dystopia

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dystopia

the reverse of UTOPIA, a possible or imaginary social place which is the worst of possible worlds.
Collins Dictionary of Sociology, 3rd ed. © HarperCollins Publishers 2000

Dystopia

Eagerness (See ZEAL.)
Brave New World
Aldous Huxley’s grim picture of the future, where scientific and social developments have turned life into a tragic travesty. [Br. Lit.: Magill I, 79]
Erewhon
inhabitants worship superficiality, unreason, inconsistency, and evasion: a lampoon of 19th-century society. [Br. Lit.: Erewhon in Haydn & Fuller, 239]
Allusions—Cultural, Literary, Biblical, and Historical: A Thematic Dictionary. Copyright 2008 The Gale Group, Inc. All rights reserved.
References in periodicals archive ?
Although Haasbroek satirises the Afrikaners' obsession with the past, it is never acknowledged in the book that aspects of Afrikaner history are at least partially responsible for the dystopian future that is portrayed.
P van Wyk Louw's epic 1941 poem Raka in the title of his satirical dystopian novel, Raka die roman, published in 2005 and set in 2008.
More recent novels, such as Marlene van Niekerk's Agaat (2004) and Eben Venter's dystopian novel Horrelpoot (2006), are once again inversions of the traditional farm novel.
As his journey progresses, his interaction with history becomes more constructive as he starts to make a connection between the past and the dystopian space he finds himself in.
I do not view the representation of the black people as racist, but rather as an expression of the impact of the past on the dystopian future that is depicted in the novel.
Critics and advocates of public schooling share in essentially the same dystopian fear: that the political opposition will gain control of educational institutions and then manipulate children through pedagogical and curricular practices in order to further a particular agenda.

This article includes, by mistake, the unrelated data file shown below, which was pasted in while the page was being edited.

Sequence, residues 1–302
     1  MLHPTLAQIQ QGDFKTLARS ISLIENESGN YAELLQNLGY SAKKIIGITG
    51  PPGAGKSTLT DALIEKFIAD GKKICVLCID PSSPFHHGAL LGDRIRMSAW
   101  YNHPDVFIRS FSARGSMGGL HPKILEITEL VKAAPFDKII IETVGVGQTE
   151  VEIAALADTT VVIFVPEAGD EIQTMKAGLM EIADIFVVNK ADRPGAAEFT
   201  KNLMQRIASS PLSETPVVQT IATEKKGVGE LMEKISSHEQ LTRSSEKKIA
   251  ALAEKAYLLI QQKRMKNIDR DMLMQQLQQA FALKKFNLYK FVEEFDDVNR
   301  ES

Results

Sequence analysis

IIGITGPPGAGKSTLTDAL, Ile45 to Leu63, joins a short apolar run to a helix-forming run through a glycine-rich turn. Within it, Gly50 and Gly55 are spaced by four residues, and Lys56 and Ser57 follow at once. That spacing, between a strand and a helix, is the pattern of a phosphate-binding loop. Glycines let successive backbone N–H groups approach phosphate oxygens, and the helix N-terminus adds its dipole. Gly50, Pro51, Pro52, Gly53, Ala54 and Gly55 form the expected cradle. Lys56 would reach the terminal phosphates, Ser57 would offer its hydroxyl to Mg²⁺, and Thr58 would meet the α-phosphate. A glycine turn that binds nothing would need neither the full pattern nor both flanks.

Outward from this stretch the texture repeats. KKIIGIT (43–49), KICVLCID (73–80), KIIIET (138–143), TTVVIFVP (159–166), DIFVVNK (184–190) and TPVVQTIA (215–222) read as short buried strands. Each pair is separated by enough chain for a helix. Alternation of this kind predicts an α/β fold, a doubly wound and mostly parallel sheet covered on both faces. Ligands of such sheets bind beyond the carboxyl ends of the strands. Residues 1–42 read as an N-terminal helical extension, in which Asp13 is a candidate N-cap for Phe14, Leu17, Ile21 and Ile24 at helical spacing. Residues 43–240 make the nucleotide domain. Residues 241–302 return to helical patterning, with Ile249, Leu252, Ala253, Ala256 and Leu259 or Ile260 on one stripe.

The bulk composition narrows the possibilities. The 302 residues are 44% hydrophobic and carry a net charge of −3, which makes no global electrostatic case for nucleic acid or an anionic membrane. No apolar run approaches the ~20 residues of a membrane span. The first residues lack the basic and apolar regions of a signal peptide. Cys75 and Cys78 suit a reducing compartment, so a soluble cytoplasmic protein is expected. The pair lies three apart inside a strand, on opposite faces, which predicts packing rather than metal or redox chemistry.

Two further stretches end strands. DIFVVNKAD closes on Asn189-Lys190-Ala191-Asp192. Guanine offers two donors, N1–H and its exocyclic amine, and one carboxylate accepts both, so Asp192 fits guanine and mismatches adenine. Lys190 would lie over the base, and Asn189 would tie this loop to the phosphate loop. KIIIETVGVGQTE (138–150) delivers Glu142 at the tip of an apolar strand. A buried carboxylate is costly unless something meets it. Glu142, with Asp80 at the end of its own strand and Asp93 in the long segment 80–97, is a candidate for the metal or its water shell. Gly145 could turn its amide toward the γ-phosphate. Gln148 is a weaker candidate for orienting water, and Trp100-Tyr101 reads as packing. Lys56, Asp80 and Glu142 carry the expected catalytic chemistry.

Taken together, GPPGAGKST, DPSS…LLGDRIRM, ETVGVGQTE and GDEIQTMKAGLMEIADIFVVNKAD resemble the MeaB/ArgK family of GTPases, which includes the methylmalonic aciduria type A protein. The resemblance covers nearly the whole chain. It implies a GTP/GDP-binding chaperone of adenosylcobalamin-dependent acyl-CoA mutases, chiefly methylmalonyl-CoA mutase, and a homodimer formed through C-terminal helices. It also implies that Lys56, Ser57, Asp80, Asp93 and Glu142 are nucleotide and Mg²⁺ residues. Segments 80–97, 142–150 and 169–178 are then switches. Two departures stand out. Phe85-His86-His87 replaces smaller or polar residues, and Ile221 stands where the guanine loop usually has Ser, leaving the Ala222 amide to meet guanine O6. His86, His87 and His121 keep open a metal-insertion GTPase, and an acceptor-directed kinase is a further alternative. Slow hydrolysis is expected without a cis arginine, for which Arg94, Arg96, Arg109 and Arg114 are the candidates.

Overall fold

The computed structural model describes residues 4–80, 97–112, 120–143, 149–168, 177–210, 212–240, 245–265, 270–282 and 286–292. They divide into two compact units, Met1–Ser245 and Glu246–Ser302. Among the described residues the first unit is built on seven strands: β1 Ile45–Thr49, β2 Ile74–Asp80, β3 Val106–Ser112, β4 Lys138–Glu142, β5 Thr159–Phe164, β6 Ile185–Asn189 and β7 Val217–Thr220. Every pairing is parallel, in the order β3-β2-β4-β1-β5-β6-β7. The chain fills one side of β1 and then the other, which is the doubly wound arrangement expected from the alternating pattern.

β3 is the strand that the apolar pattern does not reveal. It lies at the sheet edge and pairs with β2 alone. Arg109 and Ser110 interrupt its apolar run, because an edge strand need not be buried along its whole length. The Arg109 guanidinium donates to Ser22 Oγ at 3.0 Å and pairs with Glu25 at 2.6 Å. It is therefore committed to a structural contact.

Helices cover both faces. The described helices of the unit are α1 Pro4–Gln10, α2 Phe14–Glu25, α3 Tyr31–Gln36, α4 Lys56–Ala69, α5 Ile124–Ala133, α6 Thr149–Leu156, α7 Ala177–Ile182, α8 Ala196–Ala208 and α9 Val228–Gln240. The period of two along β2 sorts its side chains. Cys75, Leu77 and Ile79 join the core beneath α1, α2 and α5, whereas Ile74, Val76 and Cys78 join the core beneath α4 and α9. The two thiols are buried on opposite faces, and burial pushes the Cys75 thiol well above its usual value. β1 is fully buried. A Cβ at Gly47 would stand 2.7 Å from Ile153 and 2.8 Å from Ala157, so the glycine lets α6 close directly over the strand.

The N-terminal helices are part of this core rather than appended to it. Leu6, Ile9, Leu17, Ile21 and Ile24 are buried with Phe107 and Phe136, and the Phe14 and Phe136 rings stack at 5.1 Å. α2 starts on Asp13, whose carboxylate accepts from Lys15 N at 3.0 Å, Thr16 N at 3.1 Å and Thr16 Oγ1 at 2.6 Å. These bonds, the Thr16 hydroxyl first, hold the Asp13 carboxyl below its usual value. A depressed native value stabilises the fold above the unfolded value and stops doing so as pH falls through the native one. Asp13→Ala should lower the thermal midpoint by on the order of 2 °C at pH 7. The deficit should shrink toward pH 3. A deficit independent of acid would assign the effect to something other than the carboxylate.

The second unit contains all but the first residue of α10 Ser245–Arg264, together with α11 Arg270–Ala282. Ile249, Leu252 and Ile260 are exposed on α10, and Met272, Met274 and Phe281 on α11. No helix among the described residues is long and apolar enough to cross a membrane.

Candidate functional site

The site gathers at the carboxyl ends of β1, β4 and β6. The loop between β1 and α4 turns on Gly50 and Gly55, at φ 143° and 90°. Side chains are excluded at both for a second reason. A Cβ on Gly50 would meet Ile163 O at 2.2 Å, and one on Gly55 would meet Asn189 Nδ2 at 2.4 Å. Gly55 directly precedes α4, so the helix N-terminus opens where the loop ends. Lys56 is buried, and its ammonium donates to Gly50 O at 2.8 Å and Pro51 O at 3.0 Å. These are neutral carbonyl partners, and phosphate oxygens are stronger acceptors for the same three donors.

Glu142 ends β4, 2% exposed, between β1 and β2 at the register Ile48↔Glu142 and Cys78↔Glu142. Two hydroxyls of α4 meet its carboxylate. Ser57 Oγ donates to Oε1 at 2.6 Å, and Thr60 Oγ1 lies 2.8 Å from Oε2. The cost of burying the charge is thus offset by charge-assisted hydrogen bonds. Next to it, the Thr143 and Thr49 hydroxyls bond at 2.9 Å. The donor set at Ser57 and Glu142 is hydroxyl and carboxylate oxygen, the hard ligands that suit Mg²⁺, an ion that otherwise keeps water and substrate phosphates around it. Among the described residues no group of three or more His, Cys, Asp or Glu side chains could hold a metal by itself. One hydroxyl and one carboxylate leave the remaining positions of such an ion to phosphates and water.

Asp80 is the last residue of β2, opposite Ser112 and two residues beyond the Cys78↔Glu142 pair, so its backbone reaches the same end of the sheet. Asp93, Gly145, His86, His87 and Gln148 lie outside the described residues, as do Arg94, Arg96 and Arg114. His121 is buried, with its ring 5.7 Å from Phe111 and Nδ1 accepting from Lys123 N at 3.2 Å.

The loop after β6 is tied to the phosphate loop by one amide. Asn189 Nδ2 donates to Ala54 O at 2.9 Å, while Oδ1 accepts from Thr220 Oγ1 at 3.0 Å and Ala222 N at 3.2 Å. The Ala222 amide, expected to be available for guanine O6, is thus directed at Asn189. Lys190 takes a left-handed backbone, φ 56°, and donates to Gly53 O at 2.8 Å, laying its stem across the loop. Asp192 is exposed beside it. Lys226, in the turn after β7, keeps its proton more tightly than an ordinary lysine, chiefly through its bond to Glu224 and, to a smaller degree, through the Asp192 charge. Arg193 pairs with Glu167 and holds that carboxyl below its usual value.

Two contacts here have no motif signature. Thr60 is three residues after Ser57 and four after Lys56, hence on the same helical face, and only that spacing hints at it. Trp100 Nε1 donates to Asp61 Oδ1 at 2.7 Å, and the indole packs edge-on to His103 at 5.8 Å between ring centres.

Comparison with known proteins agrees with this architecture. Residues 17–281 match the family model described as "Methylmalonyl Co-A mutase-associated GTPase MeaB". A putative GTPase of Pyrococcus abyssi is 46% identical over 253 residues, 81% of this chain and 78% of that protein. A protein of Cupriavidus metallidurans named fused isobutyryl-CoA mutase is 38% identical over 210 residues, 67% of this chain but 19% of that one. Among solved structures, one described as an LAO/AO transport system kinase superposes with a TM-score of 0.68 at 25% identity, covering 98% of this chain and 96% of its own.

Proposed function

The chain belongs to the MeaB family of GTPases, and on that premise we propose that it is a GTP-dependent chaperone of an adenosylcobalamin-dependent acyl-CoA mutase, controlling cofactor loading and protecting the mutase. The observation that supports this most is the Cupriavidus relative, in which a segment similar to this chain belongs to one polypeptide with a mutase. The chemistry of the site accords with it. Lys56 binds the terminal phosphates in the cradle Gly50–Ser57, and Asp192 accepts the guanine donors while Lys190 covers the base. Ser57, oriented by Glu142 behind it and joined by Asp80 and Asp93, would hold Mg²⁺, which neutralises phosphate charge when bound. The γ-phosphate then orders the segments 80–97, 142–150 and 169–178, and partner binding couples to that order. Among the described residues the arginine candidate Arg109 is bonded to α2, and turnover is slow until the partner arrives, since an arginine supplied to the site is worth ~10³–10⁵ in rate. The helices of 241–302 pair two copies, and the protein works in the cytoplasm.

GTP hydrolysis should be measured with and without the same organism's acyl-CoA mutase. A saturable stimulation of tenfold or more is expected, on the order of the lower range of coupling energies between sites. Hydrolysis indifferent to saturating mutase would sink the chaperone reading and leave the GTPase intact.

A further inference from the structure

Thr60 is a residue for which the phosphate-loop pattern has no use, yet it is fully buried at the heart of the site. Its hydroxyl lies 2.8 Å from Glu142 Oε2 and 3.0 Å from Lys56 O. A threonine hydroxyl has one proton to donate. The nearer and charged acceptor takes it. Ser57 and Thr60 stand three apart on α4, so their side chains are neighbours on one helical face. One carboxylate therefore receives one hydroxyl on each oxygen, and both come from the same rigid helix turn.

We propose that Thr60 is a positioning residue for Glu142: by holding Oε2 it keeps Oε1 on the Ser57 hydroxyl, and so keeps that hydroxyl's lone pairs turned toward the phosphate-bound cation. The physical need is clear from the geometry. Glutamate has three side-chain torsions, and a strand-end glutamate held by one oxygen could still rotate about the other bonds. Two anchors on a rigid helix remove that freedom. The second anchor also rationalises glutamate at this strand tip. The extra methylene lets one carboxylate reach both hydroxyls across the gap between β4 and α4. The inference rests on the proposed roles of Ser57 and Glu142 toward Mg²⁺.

The dystopian fear that the state is brainwashing the young in an effort to replace the values of the family, church, community, and Constitution has become an important and oft-leveled charge deployed by all sides in a toxic political climate, as evinced by the perceived threat of Obama's back-to-school speech.
(5) Richard Kahn revisited Illich's educational ideas in a recent essay and concluded his piece on this bleak and dystopian note: "Terribly, those who know how to subsist well amidst horrible conditions may be the greatest teachers we can learn from in the 21st century.
Even though statements like Katz's are disguised by a thin utopian veil, such readings really are "dystopian"--wholesale de-institutionalization or total institutional renewal can be justified only when "everything is as bad as possible." Further, the examples cited throughout this essay are "dystopian" in the sense originally intended by John Stuart Mill, who coined the term: they are "too bad to be practical"--the implications that arise from this kind of rhetoric will be explored in the final section of this essay.
Dystopian historicizing is present in the literature of both educational and childhood history.